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Prime Minister Justin Trudeau speaks to reporters in the foyer of the House of Commons on Parliament Hill in Ottawa on June 21.Sean Kilpatrick/The Canadian Press

Justin Trudeau is running out of time to complete a string of promises made after the 2021 election, an expert on federal procedures warns, as the Prime Minister’s government changes tack to tackle the cost of living and housing crises.

As MPs return to Ottawa Monday, and with around 200 parliamentary sitting days left before the next election, the government has a list of pledges that it has not fulfilled.

Among the promises yet to be enacted upon is the much-vaunted online safety bill, designed to tackle the spread of hate speech and abuse online, which the PM told former heritage minister Pablo Rodriguez in his 2021 mandate letter to introduce “as soon as possible.”

Ottawa has also not moved on a pledge to modernize the Copyright Act to further protect artists and writers, despite warnings of the threat of AI to intellectual property; and a vow to ban the transport of thousands of live horses to Japan to make raw horse-meat products.

Michael Wernick, the former head of the public service, said if the government “goes the distance” until an election scheduled before the end of October, 2025, they would have around 220 parliamentary sitting days left, unless they extend into their breaks. Some parliamentary time is also reserved for opposition days and budget debates.

“From now, there will be a diminishing number of days,” he said, ”whether it is time in Parliament to move legislation, time for meetings of cabinet and its committees to take policy decisions, time for Treasury Board to process regulations and implementation, and time to finish outreach and consultation that has already been launched.”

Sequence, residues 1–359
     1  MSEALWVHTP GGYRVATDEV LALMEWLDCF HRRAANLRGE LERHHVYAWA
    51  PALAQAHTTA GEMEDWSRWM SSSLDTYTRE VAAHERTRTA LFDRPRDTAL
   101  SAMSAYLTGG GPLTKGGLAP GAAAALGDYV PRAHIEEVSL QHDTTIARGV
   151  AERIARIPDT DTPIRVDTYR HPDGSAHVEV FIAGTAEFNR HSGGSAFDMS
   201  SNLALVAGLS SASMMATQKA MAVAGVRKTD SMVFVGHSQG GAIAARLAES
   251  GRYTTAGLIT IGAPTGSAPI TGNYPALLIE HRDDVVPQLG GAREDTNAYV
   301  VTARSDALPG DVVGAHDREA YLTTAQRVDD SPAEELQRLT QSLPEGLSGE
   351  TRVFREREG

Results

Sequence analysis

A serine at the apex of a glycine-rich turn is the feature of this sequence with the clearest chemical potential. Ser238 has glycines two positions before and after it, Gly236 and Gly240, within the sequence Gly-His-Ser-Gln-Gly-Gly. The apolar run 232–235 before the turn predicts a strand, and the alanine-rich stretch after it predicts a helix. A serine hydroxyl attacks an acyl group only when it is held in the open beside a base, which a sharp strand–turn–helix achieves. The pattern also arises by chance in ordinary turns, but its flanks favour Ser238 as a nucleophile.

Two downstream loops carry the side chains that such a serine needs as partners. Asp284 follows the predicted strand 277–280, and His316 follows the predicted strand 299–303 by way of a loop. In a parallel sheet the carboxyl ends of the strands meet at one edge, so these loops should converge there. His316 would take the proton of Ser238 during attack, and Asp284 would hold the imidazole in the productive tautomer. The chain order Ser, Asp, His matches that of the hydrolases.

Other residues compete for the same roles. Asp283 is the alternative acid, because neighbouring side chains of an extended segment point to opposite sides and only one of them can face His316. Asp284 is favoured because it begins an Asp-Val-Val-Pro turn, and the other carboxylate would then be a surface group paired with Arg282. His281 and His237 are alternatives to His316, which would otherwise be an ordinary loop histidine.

After the 2021 election, Justin Trudeau sent mandate letters to each of his cabinet ministers outlining the commitments they must work to accomplish. Ottawa says they “help Canadians hold the government to account.” Some of the letters were inherited by ministers who took over cabinet posts in July’s shuffle.

At the time, the Prime Minister instructed Joyce Murray, the previous fisheries minister, to “work to introduce Canada’s first-ever Aquaculture Act.” Tomie White, a spokesman for Fisheries and Oceans Canada, said the department is engaged in “policy development and analysis” to develop a bill.

The department has also yet to fulfill a promise to modernize the country’s Ocean’s Act, including to help tackle the impact of climate change on marine life. Conservationists have also criticized Ottawa for failing to act on a mandate commitment to phase out salmon fish farms in British Columbia’s coastal waters, which they say is needed to protect wild pacific salmon.

Last week, the government signalled it plans to dedicate parliamentary time to tackle housing shortages and the cost of groceries in supermarkets.

It said reforms to the Competition Act, including to strengthen the Competition Bureau’s investigative powers, will be a legislative priority when Parliament returns this week.

“Our government has an ambitious legislative agenda for the fall sitting. We plan to move forward on key issues including affordability, housing, and public safety,” said Olivia Batten, spokeswoman for Government House Leader Karina Gould.